"'Webster's New International Dictionary . . . states that "calendar . . . year . . . is divided into 12 calendar months, and is now reckoned as beginning with January 1 and ending with December 31."'"

Since Governor's tax period ended prior to December 31, 1969 (having been terminated by action of the Company itself), Governor contends that it was not a calendar year taxpayer and thus beyond the scope of the Act of 1969. This assertion totally ignores the language of the Act of 1969 which applies a 12% rate to all net income received by or accruing to a corporation during the calendar year 1969. Governor did receive net income during the period from January 1, 1969 through December 31, 1969. Whether the actual period of receipt of such income encompassed a full 12 months or a lesser time is immaterial in determining the application of the Act of 1969.

Not to be outdone by its co-appellant, Controls proposes that a fiscal period which would include the relevant tax period of August 13, 1969 through December 27, 1969, would ordinarily have begun in December of 1968. Such a fiscal year would not then be within the scope of the Act of 1969 which refers only to fiscal years commencing during the calendar year 1969 and years thereafter. We agree with Controls' premises in the abstract, but not as applied to a corporation which did not even exist in 1968. Whether or not its fiscal year encompassed a full 52-53 week period, Controls was a fiscal

[ 24 Pa. Commw. Page 205]

    year taxpayer which began operations on August 13, 1969. Controls, to avoid this tax, cannot hypothesize a fiscal year beginning in a year before the year it came into existence.

In summary, both Governor and Controls are subject to the 12% rate on net income imposed by the Act of 1969. That Act includes both calendar year taxpayers (Governor) and fiscal year taxpayers (Controls), and its applicability is in no way diminished where the calendar or fiscal period is abbreviated.

Governor's constitutional argument against the imposition of a 12% tax rate relies upon the taxing authorities' treatment of certain other corporations which ceased doing business during 1969. It has been stipulated that over 700 such corporations were permitted to satisfy their corporate net income tax liabilities by payment of a 7% tax on net income received or accrued during 1969. Governor believes that this disparity in treatment is a flagrant violation of the uniformity clause of the Pennsylvania Constitution*fn5 and the equal protection clause of the Federal Constitution.*fn6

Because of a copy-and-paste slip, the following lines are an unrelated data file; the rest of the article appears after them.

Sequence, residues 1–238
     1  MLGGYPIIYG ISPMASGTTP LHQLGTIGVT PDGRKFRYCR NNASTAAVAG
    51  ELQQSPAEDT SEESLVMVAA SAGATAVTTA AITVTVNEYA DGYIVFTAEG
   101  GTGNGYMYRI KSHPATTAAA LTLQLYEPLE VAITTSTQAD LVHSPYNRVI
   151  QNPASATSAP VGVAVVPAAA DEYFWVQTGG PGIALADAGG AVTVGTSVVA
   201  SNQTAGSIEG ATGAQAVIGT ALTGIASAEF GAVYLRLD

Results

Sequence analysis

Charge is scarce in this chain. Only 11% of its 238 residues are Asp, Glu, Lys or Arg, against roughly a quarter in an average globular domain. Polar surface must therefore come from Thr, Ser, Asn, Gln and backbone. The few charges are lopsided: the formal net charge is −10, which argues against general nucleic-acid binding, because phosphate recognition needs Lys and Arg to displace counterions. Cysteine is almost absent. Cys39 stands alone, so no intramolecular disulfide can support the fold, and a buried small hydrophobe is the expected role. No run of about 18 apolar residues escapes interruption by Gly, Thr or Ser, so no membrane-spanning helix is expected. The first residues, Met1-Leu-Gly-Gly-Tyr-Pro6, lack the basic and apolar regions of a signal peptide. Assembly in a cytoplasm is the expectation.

So it would be had the law provided for such disparity. But such is not the case. Rather those corporations which otherwise would have been subject to the higher tax rate by reason of the retroactive provisions of the Act of 1969 made their returns, paid tax at the lower rate and for various purposes, such as dissolution or merger, obtained clearance certificates before enactment of the Act of 1969. Settlements with respect to all other taxpayers made after December 31, 1969 were effected at the 12% rate consistent with the retroactive provisions of the amendment. Retroactive provisions of a taxing statute increasing the rate of tax cannot reach a taxpayer whose tax liability was lawfully settled and paid before enactment of the statute increasing the rate. There is no want

[ 24 Pa. Commw. Page 206]

    of uniformity in not applying retroactive provisions of a tax rate increase to those it cannot reach.

Controls' constitutional attack is less clearly defined but no more persuasive. It maintains that other fiscal year taxpayers were subjected to a 12% corporate net income tax for a period of only 3 1/2 years while Controls has been subjected for 4 1/2 years. A general statement to this effect appears within the stipulated facts although the wisdom of the Commonwealth's so agreeing escapes us as it obviously encompasses tax years of Controls not before us in this appeal nor adjudicated by administrative review procedures. What is clear, however, is that all fiscal year taxpayers were treated alike during the relevant tax period of August 13, 1969 (when Controls' corporate existence began) through December 27, 1969, the "short year" for which Controls disputes the application of the 12% rate to its tax liability. If, in fact, a uniformity problem exists, it did not arise as a result of the treatment of Controls for that period. Controls cannot legally test in this appeal an alleged want of uniformity related to the liability asserted against it in subsequent tax years as compared to other taxpayers over similar periods, and it cannot stipulate facts to enlarge its legally permissible attack upon the uniformity of the retroactive provisions of the Act of 1969 with respect to the tax year on appeal.

We enter the following


Now, March 31, 1976, the appeals of Fisher Governor Company and Fisher Controls Company, Inc. from the decisions of the Board of Finance and Revenue are hereby dismissed. Unless exceptions are filed to this Order within thirty (30) days hereof, the Chief Clerk is hereby directed to enter judgment in favor of the Commonwealth and against Fisher Governor Company in the amount of $33,324.62, and against Fisher Controls Company, Inc. in the amount of $26,671.30.